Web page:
Thursday, March 26, 2015

Why (and How) I Switched to Republic Wireless

The why is pretty easy: I was paying around $35 a month for unlimited talk and text through Verizon.  With Republic Wireless, that number has dropped to $11.81 a month.  And there is no monthly contract.

What you need to know:
  • Republic keeps its rates low by using WiFi for phone calls whenever possible, rather than cell signals.
  • I was not able to continue using my existing phone (an old LG Cosmos 2 dumbphone).  Republic only works with three models of phones: the Motorola Moto E, G, or X.  I bought the cheapest, a Moto E, from them for $117 including tax and ground shipping.  It has all the features of a smartphone and runs Android 4.4.4.
  • Republic offers a 30 day trial period.  I could have returned the phone and canceled my service during that period for a full refund. 
  • In my area, Republic uses Sprint for its cell towers, with Verizon as a roaming backup where Sprint signals do not exist.  This led to poorer coverage for me than I had with Verizon.  However, for my usage and travel patterns, I found that I am almost always in a place where there is either WiFi or Sprint signal (or both) available.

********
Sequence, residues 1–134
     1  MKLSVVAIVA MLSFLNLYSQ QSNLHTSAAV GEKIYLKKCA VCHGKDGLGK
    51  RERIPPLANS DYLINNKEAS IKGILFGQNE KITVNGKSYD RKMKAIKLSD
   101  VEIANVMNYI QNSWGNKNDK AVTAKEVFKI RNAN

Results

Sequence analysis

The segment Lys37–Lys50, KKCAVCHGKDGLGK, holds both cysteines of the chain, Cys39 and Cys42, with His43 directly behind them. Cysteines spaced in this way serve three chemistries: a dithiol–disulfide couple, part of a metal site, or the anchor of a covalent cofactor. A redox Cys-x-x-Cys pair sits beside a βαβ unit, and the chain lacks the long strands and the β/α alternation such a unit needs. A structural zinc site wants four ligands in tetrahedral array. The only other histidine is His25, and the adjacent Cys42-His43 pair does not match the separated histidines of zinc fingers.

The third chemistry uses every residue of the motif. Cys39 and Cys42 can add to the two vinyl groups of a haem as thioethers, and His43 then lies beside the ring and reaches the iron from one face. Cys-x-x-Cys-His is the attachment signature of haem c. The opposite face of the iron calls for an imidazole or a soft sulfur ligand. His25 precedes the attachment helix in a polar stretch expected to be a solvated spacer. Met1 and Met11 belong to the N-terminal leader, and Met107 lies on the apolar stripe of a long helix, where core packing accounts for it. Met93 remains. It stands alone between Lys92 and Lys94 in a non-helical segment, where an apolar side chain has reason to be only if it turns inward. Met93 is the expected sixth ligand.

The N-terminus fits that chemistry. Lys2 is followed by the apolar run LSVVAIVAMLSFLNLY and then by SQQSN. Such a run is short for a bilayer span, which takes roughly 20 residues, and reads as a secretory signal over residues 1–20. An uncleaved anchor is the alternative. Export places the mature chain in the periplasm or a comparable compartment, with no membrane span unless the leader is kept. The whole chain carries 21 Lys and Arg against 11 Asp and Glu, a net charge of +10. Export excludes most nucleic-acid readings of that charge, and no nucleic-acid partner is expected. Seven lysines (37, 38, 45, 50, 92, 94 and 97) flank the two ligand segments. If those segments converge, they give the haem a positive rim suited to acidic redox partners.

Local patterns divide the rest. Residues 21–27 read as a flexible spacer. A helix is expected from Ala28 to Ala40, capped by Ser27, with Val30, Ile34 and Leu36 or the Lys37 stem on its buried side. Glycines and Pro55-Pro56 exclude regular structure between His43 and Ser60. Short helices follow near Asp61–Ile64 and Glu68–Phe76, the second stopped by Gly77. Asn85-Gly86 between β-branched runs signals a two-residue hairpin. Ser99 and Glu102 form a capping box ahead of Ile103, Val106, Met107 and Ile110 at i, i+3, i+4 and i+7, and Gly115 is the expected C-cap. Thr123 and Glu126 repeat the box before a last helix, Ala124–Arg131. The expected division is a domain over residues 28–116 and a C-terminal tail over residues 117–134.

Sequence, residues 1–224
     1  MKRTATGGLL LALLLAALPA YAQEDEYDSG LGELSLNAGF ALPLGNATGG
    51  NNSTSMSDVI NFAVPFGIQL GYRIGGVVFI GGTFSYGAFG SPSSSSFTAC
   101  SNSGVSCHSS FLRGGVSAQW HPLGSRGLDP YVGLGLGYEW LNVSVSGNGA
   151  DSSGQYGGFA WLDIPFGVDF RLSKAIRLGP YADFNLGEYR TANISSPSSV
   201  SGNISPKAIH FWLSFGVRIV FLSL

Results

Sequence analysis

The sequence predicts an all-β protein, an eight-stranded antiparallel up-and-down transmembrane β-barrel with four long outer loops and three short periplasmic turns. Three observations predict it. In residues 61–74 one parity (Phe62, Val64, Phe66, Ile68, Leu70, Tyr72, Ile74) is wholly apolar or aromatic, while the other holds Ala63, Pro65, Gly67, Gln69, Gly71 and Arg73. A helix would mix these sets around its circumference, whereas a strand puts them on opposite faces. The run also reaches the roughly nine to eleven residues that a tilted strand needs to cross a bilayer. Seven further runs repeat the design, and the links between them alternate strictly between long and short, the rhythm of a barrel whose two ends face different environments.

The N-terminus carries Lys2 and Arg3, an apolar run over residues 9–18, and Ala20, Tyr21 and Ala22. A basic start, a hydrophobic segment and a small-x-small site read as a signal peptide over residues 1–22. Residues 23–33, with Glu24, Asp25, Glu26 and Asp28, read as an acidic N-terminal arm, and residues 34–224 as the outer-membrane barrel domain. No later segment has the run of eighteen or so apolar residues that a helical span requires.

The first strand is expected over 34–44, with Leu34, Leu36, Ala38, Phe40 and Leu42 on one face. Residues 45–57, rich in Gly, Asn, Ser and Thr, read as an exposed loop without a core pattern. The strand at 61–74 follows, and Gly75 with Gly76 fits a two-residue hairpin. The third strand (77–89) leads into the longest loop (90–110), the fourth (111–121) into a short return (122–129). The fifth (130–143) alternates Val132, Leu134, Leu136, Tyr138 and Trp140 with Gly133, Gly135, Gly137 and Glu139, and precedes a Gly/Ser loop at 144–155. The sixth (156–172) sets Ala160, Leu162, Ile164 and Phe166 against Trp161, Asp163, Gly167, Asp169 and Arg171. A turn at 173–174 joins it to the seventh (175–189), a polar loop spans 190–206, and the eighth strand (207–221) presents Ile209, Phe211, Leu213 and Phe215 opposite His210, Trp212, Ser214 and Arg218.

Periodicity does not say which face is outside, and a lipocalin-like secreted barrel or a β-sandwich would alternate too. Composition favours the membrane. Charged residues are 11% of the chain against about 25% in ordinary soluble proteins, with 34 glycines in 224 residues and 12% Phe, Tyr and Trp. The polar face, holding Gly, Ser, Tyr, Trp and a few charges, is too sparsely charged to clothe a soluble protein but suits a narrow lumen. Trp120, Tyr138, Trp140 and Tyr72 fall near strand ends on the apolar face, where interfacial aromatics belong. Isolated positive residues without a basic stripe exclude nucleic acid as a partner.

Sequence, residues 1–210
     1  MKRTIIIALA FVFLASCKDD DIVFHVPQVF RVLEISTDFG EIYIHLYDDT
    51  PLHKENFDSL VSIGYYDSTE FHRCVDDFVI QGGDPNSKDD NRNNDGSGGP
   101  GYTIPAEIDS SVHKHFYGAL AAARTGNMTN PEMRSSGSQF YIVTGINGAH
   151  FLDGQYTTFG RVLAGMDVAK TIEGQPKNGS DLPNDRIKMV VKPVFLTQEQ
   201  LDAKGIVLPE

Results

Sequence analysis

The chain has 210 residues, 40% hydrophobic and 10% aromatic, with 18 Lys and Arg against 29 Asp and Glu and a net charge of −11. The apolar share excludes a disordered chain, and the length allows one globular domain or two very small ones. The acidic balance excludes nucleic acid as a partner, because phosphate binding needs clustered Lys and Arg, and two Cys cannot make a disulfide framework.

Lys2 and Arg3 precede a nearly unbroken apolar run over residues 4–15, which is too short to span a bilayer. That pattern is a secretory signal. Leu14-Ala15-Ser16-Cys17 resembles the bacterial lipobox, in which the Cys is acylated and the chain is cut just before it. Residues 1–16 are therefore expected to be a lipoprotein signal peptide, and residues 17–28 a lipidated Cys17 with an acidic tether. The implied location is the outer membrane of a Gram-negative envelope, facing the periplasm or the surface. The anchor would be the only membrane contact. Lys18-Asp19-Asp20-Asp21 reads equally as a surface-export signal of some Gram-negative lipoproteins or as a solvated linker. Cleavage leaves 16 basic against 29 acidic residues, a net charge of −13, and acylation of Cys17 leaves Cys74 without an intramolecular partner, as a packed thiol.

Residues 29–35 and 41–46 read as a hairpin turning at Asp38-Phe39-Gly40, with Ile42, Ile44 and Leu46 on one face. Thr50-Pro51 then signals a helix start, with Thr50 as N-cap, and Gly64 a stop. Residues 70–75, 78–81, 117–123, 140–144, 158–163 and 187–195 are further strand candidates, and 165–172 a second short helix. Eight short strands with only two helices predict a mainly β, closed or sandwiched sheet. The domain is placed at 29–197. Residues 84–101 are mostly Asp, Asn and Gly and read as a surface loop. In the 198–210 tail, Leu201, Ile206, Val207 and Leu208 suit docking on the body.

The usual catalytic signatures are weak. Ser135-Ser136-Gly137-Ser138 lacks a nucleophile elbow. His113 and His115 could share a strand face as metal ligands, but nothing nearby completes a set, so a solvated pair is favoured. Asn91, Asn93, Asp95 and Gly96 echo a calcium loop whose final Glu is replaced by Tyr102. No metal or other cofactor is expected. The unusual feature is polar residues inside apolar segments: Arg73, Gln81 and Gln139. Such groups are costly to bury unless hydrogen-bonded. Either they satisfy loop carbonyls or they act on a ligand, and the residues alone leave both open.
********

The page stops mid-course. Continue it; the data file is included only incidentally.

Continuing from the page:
• I was not able to keep my old cell phone number.  Republic does not have any phone numbers local to my area.  In fact, when the phone first arrived it had a 520 area code, but I was able to switch it to a 928 (my area code) number easily and quickly.  
  • If I wanted to upgrade to a data plan, Republic makes that easy and allows switching between plans up to twice a month.  As I said, my new Moto E is already a smart phone so I would not need to upgrade it if I went to a data plan.
  • After seeing my phone, my father also decided to switch from Verizon to Republic.  Since he wouldn't need the 30 day trial period, we bought a refurbished Moto E for $82 (price has now dropped to $74) on eBay which looks and works like new.
Note: I am not being paid by Republic to promote their service. 

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